Even as home equity loans are disappearing, students still have options for college financing.

For students trying to find financing for college, the James Taylor song "You've Got a Friend" has new meaning. In the aftermath of the subprime mortgage crisis, websites are filling the lending void and helping students finance their college educations.

Mortgage crisis spillover

Back when the mortgage industry was hopping, homeowners felt pretty comfortable with the prospect of borrowing against their equity to finance their child's college tuition bill. With real estate values suffering around the country and the availability of equity financing drying up, however, many households have no choice but to change their tuition financing strategy.

Timing is everything

These circumstances have created a window of opportunity for peer-to-peer lending websites to step into the realm of student loan financing. This new option involves the exchange of funds between individual lenders and borrowers, without a financial institution intermediary. The Internet provides the medium, by way of auction-style websites, that brings borrowers and lenders together. Prosper.com, the first general peer-to-peer lending site in the U.S., paved the way for other businesses following the same model-and some of these new companies are specifically targeting student loans.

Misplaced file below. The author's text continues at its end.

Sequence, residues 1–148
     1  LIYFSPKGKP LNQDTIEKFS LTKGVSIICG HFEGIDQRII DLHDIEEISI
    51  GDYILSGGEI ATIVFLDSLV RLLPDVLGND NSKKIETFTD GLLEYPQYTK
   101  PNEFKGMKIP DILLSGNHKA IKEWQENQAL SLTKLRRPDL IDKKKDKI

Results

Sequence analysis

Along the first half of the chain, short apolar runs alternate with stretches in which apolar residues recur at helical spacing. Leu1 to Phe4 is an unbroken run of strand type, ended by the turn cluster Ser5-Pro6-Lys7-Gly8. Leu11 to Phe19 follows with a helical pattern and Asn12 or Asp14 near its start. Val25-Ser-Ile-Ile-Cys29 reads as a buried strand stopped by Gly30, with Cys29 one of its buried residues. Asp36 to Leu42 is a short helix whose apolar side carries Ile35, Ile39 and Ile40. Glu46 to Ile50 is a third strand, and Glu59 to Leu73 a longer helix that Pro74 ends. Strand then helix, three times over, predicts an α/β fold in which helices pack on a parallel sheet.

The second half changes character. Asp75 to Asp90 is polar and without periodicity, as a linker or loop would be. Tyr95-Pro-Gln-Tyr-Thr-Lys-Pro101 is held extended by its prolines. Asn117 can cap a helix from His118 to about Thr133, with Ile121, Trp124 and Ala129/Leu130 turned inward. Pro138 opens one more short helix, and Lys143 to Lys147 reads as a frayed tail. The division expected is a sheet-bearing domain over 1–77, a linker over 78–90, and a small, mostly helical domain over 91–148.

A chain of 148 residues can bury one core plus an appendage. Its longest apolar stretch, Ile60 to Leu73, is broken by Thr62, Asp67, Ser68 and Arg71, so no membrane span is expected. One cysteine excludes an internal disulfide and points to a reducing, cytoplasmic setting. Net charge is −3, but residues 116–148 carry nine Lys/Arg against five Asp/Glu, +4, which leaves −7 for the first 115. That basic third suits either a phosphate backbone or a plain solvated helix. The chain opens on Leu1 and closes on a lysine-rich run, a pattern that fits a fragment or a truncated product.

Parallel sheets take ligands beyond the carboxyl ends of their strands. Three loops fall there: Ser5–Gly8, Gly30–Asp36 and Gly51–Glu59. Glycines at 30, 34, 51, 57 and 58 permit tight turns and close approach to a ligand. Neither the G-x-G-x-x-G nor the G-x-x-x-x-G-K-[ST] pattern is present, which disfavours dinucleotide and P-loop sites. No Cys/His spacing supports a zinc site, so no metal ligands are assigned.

Fynanz and GreenNote are two such companies; each offers a slightly different type of peer-to-peer lending community. On Fynanz, for example, students set up profiles describing themselves, their academic goals, and their financial needs. Individual lenders can search the profiles, and then place bids on all or a portion of selected loan requests. Bids are made in $25 increments, and the loan request listing remains active until the loan is fully funded, the borrower chooses to cancel the loan request, or the listing expires. The loan can be partially funded to the student if the total of all bids exceeds $2,500. Fynanz allows students to choose between deferred payments or interest-only payments until graduation. Interest rates are competitive and largely based on the student's academic performance. Fynanz imposes minimum qualification requirements on prospective borrowers; if the student's FICO score is below 640, that student must have a co-signer to participate.

The color of money

GreenNote emphasizes the student's character and existing social network. The site allows prospective student borrowers to invite friends and family to bid on the loan request. All loans carry a fixed, 6.8 percent interest rate, and there are no co-signer, citizenship, or credit score requirements. Payments can be deferred for up to five years.

Like a Virgin

For those situations where parents can borrow the money less expensively than the student can, Virgin Money offers peer-to-peer lending documentation and payment services. This allows the parents to make a fully documented loan to their child, complete with payment reminders and auto-pay options, so that the student can accept all or a portion of the tuition burden.

With the advent of peer-to-peer student lending sites, college students are finding they do have friends-friends who are willing to invest in their promising futures.

    Published on July 30, 2009